Mix the water and yeast or starter, the honey,  as well as the whole wheat flour, beat together with a wooden spoon until gluteny strands form (about a minute). Let this quick-sponge rest for 15 minutes, then add the all purpose flour and salt, mix together into a shaggy dough, then turn out onto a surface to knead it until elastic and smooth (about 8 minutes). Place in a floured bowl and let rise for 2 hours.

Like the Greeks they ripped off in so many ways, the Romans liked to bake their bread under a clay dome. To approximate that, I’m inverting my dutch oven over a baking tray. Bake at 400F for 35-40 minutes.


When done, let cool for at least several hours, if not a whole day. When ready to make the toast, preheat a skillet on medium low heat for 10 minutes or more. Slice the bread into 1 inch thick pieces and cut off the crusts.  In a separate bowl, whisk together 1/2 cup milk, 1/2 cup cream, 2 eggs, and a pinch of salt and a pinch of our Roman “pepper”.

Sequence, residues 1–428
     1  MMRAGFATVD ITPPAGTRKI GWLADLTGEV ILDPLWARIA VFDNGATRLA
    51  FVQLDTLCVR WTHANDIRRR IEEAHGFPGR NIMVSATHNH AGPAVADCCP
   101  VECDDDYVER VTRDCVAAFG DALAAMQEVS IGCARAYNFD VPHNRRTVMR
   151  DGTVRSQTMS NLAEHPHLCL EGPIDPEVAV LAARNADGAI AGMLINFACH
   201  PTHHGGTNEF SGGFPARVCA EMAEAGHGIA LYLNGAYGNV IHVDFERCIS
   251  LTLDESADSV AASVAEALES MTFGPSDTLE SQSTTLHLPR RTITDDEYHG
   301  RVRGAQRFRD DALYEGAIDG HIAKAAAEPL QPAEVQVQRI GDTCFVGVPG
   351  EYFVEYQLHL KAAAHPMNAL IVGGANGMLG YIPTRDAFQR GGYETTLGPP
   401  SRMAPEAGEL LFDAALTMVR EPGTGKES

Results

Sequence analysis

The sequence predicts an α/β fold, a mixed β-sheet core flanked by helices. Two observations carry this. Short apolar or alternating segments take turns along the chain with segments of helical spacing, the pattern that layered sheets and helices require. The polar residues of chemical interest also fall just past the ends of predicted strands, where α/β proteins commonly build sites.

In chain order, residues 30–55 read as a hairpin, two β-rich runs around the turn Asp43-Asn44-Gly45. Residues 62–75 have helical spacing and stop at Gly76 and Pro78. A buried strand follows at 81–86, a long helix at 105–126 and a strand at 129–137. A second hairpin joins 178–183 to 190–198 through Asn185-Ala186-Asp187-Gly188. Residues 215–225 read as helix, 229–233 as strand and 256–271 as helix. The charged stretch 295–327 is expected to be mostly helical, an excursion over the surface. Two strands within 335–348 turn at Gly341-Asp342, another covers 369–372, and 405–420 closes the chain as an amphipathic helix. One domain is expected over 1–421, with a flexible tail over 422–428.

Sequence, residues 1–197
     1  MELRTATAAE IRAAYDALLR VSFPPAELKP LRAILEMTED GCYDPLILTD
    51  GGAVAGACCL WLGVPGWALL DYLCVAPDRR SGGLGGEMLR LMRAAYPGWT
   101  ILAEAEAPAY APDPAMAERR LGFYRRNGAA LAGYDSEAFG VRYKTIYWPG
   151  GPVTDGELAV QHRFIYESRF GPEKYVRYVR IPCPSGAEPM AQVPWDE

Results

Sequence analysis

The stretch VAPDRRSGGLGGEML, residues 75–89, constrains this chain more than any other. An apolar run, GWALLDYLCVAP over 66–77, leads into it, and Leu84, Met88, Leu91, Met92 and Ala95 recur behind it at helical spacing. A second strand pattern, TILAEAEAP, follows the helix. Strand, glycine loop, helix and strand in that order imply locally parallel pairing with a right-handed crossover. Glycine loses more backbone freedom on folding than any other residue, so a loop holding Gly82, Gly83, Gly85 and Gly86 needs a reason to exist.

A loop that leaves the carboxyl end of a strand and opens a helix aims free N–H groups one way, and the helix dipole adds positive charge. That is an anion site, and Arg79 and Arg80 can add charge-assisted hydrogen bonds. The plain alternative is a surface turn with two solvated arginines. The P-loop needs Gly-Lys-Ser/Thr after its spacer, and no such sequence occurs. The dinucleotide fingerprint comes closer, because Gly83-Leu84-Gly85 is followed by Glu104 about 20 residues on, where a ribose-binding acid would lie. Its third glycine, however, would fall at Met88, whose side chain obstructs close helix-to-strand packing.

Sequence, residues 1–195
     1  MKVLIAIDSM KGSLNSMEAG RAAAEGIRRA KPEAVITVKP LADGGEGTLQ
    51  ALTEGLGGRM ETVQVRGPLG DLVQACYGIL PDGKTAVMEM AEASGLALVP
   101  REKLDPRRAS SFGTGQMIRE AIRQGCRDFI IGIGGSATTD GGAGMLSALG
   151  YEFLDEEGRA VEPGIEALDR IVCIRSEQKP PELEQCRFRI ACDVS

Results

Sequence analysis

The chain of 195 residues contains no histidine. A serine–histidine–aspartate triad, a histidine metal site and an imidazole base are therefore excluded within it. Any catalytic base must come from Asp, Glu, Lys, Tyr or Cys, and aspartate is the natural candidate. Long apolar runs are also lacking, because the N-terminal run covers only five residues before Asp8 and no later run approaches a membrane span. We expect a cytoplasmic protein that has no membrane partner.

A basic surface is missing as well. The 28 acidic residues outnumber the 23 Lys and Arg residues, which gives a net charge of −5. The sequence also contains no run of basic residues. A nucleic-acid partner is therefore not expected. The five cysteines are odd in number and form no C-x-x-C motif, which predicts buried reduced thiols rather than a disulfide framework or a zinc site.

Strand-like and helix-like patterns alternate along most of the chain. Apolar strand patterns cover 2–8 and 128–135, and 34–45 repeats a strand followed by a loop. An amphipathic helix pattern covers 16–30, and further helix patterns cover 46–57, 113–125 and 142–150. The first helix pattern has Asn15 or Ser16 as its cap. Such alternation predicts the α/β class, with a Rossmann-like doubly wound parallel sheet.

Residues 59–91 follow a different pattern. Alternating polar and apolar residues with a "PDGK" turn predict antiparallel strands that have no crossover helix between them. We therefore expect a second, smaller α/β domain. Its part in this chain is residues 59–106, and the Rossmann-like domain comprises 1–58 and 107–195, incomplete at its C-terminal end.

Let the bread soak for 30 seconds on each side. This bread is denser than modern white bread, and needs to absorb a bit more liquid to cook correctly.

Add a substantial layer of olive oil, let warm for 2 minutes. Remove the bread from the batter, letting excess drip off, and fry a few minutes on each side in the oil, until golden brown.

Remove, slather with honey on top and serve immediately. Oh look, we imported some cherries from Parthia to garnish!



Dates are stuffed – after the seeds have been removed – with a nut or with nuts and ground pepper, sprinkled with salt on the outside, and candied in honey.